Le Pen could trigger Frexit by accident as election win would be huge shock to economy

France election: Possibility of Le Pen victory discussed by expert

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France will head to the polls tomorrow, on April 24, to choose its president for the next five years. The electoral race has been a close one – much closer than in 2017, by all accounts – though appears to have swung in Emmanuel Macron’s favour following his televised debate with Ms Le Pen earlier this week.

Investors, however, remain “on edge” about the prospect of a victory by the National Rally leader, according to reports.

Michael Hewson, Chief Market Analyst at CMC Markets, said a President Le Pen would shake Europe’s second-biggest economy at a time when economic instability is already a big worry.

He said: “It could be bigger than Brexit. It could be bigger than Trump, if Le Pen prevails.”

Similar warnings of economic disaster prior to Brexit and the election of Mr Trump, however, turned out to be specious.

Grégory Claeys from the Brussels think-tank Bruegel added Mr Macron losing the election could trigger a French exit from the European Union, “by accident”.

Ms Le Pen’s position on the bloc has softened in recent years, following her last presidential election defeat.

She now holds it should become a club of “cooperating sovereign nations”.

Though Mr Macron, in Wednesday’s debate, retorted: “And so then it would no longer be the European Union.”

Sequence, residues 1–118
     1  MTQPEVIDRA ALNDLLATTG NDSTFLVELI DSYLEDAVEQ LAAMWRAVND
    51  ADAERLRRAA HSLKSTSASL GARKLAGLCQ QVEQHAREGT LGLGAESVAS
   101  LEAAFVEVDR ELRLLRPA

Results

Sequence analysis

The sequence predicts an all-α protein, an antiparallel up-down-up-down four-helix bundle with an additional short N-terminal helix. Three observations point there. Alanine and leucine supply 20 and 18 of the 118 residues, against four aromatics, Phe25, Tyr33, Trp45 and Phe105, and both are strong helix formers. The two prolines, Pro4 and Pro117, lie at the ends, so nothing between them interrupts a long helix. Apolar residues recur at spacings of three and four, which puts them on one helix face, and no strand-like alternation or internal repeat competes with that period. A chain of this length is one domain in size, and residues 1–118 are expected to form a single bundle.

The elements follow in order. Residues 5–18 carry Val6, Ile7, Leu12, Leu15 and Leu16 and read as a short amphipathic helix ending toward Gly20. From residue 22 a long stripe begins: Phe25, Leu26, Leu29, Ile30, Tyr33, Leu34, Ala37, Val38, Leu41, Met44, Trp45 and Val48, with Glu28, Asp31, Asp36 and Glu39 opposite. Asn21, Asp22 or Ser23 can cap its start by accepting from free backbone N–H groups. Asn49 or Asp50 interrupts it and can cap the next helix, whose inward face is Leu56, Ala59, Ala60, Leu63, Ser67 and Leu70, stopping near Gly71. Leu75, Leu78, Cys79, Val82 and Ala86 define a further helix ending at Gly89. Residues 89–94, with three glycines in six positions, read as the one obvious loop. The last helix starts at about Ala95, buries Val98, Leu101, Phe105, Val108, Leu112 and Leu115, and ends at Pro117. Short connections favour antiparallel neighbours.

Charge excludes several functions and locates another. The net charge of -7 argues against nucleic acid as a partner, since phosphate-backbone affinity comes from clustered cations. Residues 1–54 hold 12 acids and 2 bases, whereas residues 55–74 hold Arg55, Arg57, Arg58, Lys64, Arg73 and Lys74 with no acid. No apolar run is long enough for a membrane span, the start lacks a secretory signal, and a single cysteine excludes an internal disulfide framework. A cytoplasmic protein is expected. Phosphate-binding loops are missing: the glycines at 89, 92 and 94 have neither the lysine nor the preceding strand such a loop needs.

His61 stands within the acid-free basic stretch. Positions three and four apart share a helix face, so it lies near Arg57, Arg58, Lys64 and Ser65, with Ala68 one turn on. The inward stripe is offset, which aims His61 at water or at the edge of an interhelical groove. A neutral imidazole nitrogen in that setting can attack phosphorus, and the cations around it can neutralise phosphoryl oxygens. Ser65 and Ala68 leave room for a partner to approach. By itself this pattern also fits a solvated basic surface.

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Mr Claeys agreed, noting: “Most of [Le Pen’s] policies would not be possible inside the EU.”

This, he contended, could lead to the stage where ‘Frexit’ is an inevitability, even if Ms Le Pen did not stand on that ticket.

While Mr Macron’s lead in pre-election polling extended following the televised debate, his victory is not yet completely sealed.

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Citi strategists suggest apathy towards Mr Macron among more left-wing voters could see his support diminish to below-required levels.

They said: “Uncertainty stems from the risk of low voter turnout, as leftist voters refuse to give their vote to Macron, even at the risk of handing it over to Le Pen.

“Voter turnout is a factor that pollsters find particularly hard to forecast accurately.”

Left-wing voters might be less fearful of the prospect of a President Le Pen after she signalled she would be happy to appoint left-wing politicians in her Government.

Many political analysts believe, however, Mr Macron now has his re-election in the bag.

Mujtaba Rahman, Eurasia Group’s Europe Director, said following Wednesday’s debate: “It’s always hazardous to call an election three days out but this one looks like it’s all over but for the voting ends.”

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